Alex Morgan was just seven years old when the 1996 Olympics took place in Atlanta. She watched Michelle Akers and Julie Foudy lead the US to the first-ever Olympic gold in women’s soccer, in front of 80,000 electrified fans. Foudy would not know of Morgan – now one of the most feared forwards in the world – for another decade, but she knew the world, including many young girls like Morgan, was watching.
“We approached the Olympics as here’s this wonderful opportunity and there’s no way – NO WAY – that someone’s gonna take that,” Foudy said in a video for Team USA.
Elsewhere at Atlanta ‘96, US point guard Jennifer Azzi and her teammates donned their gold medals, beaming from the Olympics’ highest podium after an exhilarating 8-0 run to the title. All the while, 13-year-old Sue Bird collected a dozen new role models and an infinite dose of possibility.
In 1996, the sheer domination by America’s female athletes was die story of the summer in America. US gymnastics’ Magnificent Seven – with the likes of Kerri Strug and Dominque Dawes – captured the first-ever team gold for the US. Legendary softball players like Lisa Fernandez and Dot Richardson represented the US in their sport’s Olympic debut, also taking gold. Swimmer Amy Van Dyken, speedster Gail Devers and a plethora of athletes in individual sports added to America’s hefty dose of hardware.
These women were jaw-dropping athletic forces. They were also part of the first-generation of athletes under Title IX, the landmark 1972 legislation that banned educational institutes (including their athletic departments) from discriminating on the basis of gender.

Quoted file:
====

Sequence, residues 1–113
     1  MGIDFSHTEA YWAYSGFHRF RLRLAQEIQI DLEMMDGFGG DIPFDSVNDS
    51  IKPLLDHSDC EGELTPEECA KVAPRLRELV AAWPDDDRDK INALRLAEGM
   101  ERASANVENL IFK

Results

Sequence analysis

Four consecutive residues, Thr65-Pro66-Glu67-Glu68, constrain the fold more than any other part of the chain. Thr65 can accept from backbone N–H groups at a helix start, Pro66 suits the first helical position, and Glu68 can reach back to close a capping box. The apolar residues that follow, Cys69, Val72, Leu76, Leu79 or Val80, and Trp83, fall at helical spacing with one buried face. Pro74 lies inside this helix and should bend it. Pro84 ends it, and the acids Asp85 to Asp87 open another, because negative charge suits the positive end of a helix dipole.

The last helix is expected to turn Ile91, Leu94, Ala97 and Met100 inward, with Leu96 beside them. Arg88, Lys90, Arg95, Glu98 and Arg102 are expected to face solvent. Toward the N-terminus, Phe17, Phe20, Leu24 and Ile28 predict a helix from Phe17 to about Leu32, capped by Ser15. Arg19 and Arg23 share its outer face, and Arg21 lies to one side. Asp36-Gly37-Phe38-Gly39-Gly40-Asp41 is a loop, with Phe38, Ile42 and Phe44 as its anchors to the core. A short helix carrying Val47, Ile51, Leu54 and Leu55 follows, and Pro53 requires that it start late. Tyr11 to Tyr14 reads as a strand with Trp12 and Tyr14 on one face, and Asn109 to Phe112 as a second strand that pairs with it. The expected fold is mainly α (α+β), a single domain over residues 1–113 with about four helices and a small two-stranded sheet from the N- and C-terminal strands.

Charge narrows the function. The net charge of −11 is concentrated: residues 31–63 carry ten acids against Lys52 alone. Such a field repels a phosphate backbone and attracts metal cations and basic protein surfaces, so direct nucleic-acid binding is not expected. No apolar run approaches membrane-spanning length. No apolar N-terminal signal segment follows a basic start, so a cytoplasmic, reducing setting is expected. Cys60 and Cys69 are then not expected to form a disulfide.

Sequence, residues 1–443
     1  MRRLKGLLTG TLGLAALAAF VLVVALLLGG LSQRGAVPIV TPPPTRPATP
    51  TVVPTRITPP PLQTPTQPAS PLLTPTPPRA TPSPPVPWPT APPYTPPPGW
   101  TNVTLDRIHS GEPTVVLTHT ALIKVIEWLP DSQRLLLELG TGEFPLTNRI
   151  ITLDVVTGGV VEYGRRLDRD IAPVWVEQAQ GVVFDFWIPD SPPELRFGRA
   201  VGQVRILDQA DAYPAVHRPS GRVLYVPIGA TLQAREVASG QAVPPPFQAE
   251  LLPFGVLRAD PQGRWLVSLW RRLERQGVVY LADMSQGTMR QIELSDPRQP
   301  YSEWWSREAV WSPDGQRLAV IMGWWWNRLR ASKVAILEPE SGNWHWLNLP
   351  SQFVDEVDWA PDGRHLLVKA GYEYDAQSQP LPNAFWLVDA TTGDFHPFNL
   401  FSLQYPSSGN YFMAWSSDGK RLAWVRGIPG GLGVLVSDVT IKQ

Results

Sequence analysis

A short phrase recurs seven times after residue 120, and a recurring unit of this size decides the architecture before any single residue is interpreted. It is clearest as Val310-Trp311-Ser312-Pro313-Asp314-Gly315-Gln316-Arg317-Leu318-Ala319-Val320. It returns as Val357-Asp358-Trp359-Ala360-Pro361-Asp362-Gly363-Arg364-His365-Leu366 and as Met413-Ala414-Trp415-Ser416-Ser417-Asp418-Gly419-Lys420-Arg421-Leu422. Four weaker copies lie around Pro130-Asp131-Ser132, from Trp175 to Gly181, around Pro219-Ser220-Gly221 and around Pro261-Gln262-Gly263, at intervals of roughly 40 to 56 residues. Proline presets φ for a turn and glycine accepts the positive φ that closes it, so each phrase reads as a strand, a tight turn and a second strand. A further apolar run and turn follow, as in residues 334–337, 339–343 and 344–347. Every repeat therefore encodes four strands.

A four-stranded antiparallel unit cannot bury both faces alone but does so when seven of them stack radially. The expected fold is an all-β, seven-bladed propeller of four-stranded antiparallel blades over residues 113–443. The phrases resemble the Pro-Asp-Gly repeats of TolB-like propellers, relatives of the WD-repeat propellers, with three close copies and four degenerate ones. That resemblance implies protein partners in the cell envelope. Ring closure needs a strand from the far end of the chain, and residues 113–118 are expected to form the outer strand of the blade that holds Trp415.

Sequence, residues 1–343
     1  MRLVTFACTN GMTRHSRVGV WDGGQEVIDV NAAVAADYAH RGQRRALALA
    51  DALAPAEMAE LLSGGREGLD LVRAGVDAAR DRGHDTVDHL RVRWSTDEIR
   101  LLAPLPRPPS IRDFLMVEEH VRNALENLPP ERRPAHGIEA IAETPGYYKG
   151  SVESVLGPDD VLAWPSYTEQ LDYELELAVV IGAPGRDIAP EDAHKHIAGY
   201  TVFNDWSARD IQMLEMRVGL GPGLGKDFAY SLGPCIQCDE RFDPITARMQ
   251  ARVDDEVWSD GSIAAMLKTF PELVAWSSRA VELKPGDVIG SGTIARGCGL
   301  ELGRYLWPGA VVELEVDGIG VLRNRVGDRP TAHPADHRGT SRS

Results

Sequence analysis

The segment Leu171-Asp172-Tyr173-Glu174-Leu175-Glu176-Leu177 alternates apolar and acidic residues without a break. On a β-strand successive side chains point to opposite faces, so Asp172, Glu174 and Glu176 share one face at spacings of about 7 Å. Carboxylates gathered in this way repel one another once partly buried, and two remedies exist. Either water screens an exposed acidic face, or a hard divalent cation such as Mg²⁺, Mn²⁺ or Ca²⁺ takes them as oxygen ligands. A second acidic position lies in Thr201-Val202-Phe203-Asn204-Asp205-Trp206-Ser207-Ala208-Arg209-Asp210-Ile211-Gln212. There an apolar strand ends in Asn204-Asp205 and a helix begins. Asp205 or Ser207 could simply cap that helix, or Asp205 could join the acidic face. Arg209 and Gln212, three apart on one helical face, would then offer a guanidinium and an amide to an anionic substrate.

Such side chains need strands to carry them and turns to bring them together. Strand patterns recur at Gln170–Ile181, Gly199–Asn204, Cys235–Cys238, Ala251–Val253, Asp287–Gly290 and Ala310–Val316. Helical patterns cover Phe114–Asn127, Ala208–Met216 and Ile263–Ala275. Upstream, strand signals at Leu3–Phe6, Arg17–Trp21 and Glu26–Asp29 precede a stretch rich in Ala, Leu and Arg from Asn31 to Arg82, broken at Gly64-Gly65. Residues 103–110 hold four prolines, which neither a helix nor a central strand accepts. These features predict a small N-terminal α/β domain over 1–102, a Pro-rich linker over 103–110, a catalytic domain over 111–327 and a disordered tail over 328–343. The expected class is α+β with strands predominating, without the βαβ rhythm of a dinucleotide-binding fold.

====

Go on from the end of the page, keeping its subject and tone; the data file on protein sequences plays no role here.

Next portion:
“I think [the ’96 games] were so formative into the current athlete’s journey and inspiration. It’s the first time we saw women’s sports at that scale, that level of greatness,” says Jessica Robertson, chief content officer for Togethxr, a women’s sports platform co-founded by Bird, Morgan, swimmer Simone Manuel and snowboarder Chloe Kim. All four are Olympic gold medalists.
Born on the heels of the US women’s gold medal in basketball, the WNBA also launched in 1996.
“I was on my couch and heard they were starting this new league, and I remember thinking how excited I was,” said the WNBA’s 2008 Geen 1 overall pick, Candace Parker, of her 10-year-old self. “I went out to my driveway and started shooting, and I no longer had to pretend to play in the NBA, I could pretend to play in the WNBA.”
Twenty-five years later, with its collection of the top women’s basketball talent in the world, the WNBA generates approximately $60m in annual revenue. But not without a long-standing battle to stay relevant.
To take a deeper examination into the summer of 1996, Togethxr has released a six-part podcast series, Summer of Gold. Bird and Morgan are co-executive producers.
Hosted by Michelle Kwan and incorporating conversations with 20 athletes from that summer and the younger generation they inspired, Summer of Gold celebrates the groundbreaking achievements by American female athletes in 1996. It infuses listeners with a heavy dose of 90s girl power and cultural nostalgia (get ready to sing along to the Spice Girls’ Wannabe).